McCown did considerably better. He went 3-2 in starting five games in place of Cutler and played in eight overall, compiling the NFL's third-best passer rating at 109.0, and the highest in Bears franchise history. His 13 touchdowns and one interception, team-record three consecutive 300-yard passing games and 66.5 completion percentage made him a coveted commodity in free agency, and the Bucs awarded him with a two-year, $10 million contract and named him their starter.

• Biggest mystery

The Raiders go on a (very) veteran spending spree: Oakland should be better than last year's 4-12 debacle, but investing in older free agents is a recipe for short-termed success in the N(ot) F(or) L(ong). While the Raiders failed to retain younger building block starters like offensive tackle Jared Veldheer and defensive lineman Lamarr Houston in free agency, refusing to franchise either player, the team instead went big for aging talents. Defensive end Justin Tuck, running back Maurice Jones-Drew, outside linebacker LaMarr Woodley, defensive end Antonio Smith, cornerbacks Carlos Rogers and Tarell Brown, receiver James Jones, offensive tackle Donald Penn and quarterback Matt Schaub are all entering at least their eighth season in the league, with the vast majority of those players age 30 and beyond.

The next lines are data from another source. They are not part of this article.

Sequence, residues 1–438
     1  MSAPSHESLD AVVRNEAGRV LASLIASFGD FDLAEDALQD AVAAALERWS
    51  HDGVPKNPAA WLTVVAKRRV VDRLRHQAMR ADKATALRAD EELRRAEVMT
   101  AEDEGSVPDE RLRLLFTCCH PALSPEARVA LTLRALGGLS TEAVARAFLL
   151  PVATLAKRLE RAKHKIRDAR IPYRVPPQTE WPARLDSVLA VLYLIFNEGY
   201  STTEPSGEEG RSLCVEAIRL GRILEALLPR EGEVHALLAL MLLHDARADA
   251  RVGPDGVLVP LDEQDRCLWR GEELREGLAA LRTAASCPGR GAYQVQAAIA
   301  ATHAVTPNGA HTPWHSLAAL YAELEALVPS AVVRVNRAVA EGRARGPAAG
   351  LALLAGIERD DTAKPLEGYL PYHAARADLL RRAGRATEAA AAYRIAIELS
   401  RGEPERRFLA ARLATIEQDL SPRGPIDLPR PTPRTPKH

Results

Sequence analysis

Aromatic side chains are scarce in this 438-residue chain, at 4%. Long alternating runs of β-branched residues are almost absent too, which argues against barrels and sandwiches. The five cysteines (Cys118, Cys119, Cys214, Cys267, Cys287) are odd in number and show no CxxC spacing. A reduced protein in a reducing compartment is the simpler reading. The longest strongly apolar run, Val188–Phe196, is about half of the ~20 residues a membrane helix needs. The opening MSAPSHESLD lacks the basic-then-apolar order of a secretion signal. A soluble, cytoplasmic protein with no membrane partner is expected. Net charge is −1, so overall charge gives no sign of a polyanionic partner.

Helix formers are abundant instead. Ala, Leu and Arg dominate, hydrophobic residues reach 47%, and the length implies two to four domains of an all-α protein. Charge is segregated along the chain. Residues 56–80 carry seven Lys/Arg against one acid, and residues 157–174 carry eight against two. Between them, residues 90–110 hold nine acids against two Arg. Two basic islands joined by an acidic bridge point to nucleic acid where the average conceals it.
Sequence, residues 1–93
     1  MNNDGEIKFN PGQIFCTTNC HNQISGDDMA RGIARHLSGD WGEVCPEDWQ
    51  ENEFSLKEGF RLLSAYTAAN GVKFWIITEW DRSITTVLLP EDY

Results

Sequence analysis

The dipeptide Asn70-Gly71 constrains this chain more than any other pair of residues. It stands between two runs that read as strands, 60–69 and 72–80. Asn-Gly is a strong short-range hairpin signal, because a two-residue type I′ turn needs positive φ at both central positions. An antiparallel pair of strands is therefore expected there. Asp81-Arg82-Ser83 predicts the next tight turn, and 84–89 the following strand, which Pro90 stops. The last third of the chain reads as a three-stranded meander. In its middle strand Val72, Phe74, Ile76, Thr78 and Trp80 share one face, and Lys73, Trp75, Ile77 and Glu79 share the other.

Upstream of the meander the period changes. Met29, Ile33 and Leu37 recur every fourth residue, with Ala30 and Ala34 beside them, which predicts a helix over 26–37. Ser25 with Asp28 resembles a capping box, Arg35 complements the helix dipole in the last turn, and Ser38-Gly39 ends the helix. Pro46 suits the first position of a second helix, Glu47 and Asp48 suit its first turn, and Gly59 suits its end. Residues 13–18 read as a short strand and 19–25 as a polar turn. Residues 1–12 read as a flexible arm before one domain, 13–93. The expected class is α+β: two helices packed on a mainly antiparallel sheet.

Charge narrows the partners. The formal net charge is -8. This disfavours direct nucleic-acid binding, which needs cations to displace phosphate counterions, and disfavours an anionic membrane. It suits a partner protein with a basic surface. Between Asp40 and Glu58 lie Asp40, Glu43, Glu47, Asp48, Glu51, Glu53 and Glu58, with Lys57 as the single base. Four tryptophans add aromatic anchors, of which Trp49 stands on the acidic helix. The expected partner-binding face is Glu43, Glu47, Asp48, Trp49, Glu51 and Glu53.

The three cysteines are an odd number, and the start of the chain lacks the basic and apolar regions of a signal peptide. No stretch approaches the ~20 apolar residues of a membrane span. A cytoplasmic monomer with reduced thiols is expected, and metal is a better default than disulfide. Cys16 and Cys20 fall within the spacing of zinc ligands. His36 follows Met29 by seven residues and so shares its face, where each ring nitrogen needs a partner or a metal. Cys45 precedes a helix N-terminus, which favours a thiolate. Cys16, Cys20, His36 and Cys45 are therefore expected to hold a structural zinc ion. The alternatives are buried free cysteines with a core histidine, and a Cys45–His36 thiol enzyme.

So the mystery is: What in the world were the Raiders thinking? Of course, we know what they were thinking: We had better win right now or someone besides head coach Dennis Allen and general manager Reggie McKenzie will have to deal with whatever aftermath is to come in 2015.

• Most vivid imagery

Mark Cuban uses barnyard language to warn the NFL: The always quotable Dallas Mavericks owner called the NFL "greedy'' and tried to offer up a cautionary tale to the league when he heard about its plans to expand its Thursday-night schedule to CBS, putting the NFL on national television three nights a week during the season.

"Just watch,'' Cuban said. "I'm just telling you: Pigs get fat, hogs get slaughtered. And they're getting hoggy. When you try to take it too far, people turn the other way. They're trying to take over every night of TV.'' Cuban went on to predict the league was "10 years away from implosion'' due to the danger of product over-saturation.'

The TV ratings for the NFL draft didn't seem to back up Cuban's point but that doesn't mean he doesn't have one. New England Patriots owner Robert Kraft, however, does not seem concerned. "I'm not sure I agree with his conclusion,'' Kraft said of Cuban. "If we have a problem, I hope it continues.''